Bacterial chemotaxis: using computers to represent biology
The set of biochemical reactions by which an E. coli bacterium detects and responds to distant sources of attractant or repellent molecules is probably the simplest and best understood example of a cell-signalling pathway. The pathway has been saturated genetically and all of its protein components have been isolated, measured biochemically and their atomic structures determined. We have used detailed computer simulations, tied to experimental data, to ask how the pathway works as an integrated unit. We found that the physical location of molecular components within the molecular jungle of the cell interior is crucial for an understanding of their function. Signal amplification, for example, appears to depend on the propagation of activity across clusters of receptors and associated molecules.
Because it is relatively simple and well documented, the E. coli chemotaxis pathway serves as a benchmark for our understanding of cells in general.How close are we to a complete understanding? Can we expect in the near future to build computer models that capture every essential aspect? Or are there features of living cells that are currently beyond our ability to resolve experimentally or reproduce on silicon chips? Questions such as these are increasingly pertinent in a world populated by intelligent machines.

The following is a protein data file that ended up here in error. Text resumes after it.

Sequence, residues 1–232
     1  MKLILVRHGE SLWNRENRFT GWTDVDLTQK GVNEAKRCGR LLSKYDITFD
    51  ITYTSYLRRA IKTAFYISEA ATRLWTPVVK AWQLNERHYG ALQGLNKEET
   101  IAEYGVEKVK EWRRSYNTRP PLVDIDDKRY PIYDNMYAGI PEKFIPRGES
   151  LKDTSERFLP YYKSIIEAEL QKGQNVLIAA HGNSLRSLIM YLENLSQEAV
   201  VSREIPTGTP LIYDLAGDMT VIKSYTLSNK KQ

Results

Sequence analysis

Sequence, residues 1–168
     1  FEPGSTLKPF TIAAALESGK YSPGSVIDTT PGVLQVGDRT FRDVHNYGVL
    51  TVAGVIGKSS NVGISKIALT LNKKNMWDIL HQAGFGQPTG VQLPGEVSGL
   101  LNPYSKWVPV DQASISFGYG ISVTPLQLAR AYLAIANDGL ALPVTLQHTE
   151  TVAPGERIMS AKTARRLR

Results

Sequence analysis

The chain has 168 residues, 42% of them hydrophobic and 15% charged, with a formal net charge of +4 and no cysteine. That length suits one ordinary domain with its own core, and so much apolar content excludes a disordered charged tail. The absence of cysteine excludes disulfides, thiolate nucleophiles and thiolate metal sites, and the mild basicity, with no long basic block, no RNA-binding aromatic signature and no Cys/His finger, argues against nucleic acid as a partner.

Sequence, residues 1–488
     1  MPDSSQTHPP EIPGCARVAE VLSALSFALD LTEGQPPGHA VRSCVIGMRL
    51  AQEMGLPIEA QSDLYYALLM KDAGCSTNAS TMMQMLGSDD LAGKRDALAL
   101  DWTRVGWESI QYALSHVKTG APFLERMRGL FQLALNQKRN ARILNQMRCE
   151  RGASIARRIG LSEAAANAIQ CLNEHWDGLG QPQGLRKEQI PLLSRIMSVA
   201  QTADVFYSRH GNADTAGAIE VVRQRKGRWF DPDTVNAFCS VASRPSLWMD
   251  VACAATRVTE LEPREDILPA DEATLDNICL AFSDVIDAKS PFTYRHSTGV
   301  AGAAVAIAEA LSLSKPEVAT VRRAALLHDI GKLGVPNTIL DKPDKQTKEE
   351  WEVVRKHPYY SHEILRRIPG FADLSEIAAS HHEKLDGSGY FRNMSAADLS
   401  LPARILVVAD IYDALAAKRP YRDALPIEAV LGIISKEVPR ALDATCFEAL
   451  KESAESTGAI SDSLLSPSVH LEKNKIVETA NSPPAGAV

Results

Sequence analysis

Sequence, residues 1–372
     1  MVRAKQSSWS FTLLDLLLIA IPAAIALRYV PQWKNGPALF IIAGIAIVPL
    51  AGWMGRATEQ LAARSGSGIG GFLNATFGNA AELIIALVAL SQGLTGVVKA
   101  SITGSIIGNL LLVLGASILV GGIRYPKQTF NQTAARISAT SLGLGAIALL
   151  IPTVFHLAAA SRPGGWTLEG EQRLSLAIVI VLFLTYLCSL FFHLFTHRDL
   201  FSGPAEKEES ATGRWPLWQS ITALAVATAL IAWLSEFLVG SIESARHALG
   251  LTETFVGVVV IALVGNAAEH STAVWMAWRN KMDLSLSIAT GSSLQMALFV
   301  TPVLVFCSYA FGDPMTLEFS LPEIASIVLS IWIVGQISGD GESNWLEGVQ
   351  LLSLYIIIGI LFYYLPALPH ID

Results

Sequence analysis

Please see the comp-cell website for further information, downloadable programs, and list of publications.
Bray D, (2014), Intrinsic activity in cells and the brain, Mol. Biol. Cell, 25: 737-738
Alberts B, Bray D, Hopkin K, Johnson A, Lewis J, Roberts K, Walter P, (2014), Essential Cell Biology, 4th edition Garland Publishing, New York (726 pp)
Bray D, (2013), The propagation of allosteric states in large multiprotein complexes, J. Molecular Biology, 425: 1410-1414
Bray D, (2013), Brain versus Machine. in A.H. Eden et al (eds), Singularity Hypotheses, The Frontier Collection, Springer-Verlag, Berlin
Bray D, (2012), Is the brain a good model for machine intelligence?, Nature, 482: 7386:462-463
Bray D, (2011), The cell as a thermostat: How much does it know?, Advances in Experimental Medicine and Biology, 736: 193-198
Bray D, (2009), Wetware: a Computer in Every Living Cell, Yale University Press, New Haven (267 pp)
Goldman JP, Levin MD, Bray D, (2009), Signal amplification in lattice of coupled protein kinases, Molecular BioSystems, 5: 1853-1859.